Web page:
The Book Of Jazz - online reference book

Its Nature, Instruments, Sources, Sounds, Development & Performers

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In the jazz age (a period during which the term had hysterical rather than musical overtones) the phrase that seemed to sym­bolize the Zeitgeist was "a moaning saxophone," or some other ululant adjective applied to the same noun. The saxophone, indeed, could have been a part of F. Scott Fitzgerald's coat of arms: two altos rampant on a field of cocktail-shakers. Yet ironi­cally the saxophone was a late starter in jazz. For at least two decades while this music was crystallizing it played a negligible role. Not until the late 1920s, some 85 years after its invention by Adolphe Sax, did it cross the line successfully after decades of identification principally with brass bands.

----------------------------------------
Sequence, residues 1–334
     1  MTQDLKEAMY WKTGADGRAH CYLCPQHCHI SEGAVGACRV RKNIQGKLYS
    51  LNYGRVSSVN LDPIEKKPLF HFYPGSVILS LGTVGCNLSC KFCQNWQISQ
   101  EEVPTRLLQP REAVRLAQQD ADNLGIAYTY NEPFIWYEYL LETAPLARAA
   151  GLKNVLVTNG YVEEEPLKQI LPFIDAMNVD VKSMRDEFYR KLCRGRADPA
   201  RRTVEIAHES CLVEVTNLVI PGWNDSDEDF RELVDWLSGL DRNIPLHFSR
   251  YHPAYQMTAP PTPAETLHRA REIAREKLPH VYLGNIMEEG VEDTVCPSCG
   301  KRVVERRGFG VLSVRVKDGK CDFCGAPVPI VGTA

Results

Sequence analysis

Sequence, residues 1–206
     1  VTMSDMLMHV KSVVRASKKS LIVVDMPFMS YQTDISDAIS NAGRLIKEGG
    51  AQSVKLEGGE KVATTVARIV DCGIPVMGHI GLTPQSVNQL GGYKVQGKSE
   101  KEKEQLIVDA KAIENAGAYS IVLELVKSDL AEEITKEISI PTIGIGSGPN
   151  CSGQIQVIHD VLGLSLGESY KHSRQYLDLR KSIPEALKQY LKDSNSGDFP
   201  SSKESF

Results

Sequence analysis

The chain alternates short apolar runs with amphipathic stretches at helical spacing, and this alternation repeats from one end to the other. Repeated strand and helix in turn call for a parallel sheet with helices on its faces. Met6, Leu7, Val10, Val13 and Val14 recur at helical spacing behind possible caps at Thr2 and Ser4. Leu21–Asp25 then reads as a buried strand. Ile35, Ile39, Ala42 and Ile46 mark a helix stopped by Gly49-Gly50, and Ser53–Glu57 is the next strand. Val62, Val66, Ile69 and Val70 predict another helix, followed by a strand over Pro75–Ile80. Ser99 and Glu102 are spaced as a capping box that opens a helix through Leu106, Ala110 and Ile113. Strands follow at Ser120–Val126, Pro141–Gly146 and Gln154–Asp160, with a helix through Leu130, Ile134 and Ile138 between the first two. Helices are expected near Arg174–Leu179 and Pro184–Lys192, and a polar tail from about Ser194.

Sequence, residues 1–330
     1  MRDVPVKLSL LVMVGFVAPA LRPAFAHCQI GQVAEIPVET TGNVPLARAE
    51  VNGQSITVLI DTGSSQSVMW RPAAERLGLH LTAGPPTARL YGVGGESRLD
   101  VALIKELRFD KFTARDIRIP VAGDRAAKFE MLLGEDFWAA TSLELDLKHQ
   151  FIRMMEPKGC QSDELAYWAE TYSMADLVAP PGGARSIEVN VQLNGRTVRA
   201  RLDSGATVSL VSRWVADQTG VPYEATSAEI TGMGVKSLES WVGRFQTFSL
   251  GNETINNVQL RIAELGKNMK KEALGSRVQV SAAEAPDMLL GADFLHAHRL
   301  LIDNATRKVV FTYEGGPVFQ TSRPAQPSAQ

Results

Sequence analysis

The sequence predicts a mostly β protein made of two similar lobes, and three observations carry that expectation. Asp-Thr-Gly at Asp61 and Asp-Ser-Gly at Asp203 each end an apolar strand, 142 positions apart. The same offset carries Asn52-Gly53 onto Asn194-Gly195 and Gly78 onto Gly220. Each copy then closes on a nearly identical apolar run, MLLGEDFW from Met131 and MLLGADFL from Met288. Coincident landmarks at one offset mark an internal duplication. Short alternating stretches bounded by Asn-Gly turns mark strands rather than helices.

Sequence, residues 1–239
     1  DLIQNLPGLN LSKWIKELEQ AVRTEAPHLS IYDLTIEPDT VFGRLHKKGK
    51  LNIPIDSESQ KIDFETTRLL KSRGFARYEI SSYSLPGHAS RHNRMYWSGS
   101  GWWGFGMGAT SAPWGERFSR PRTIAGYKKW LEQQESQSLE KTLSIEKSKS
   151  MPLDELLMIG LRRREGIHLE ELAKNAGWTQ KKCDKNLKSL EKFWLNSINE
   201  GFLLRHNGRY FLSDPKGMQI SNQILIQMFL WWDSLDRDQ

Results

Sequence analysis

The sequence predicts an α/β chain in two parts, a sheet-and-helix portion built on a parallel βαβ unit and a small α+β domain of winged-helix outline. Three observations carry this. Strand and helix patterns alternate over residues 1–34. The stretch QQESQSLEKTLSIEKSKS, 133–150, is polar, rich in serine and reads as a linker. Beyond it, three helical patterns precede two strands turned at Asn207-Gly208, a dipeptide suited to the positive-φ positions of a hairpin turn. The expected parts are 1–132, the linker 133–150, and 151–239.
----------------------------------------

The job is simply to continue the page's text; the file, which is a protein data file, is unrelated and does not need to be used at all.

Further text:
Despite its brass construction the saxophone is not known among jazzmen as a brass instrument; it is classified as a member of the reed family. Like the clarinet and other reed instruments its sound varies according to the quality, thickness and pliability of the reed in use, and the manner in which the musician blows into the thin channel of air between the reed and the mouth­piece. (Some saxophonists spend all their lives looking for the perfect reed; its ultimate discovery usually is a prelude to the moment when a bystander brushes against it, causing irreparable harm both to the reed and the saxophonist's nervous system.)
The E Flat alto saxophone (so called because a piano E Flat makes the same sound as the alto's C) has a normal range far narrower than that of the clarinet, starting at E Flat below middle C on the piano and rising to G, a little over two octaves higher. It has a round, gentle and lilting quality that made it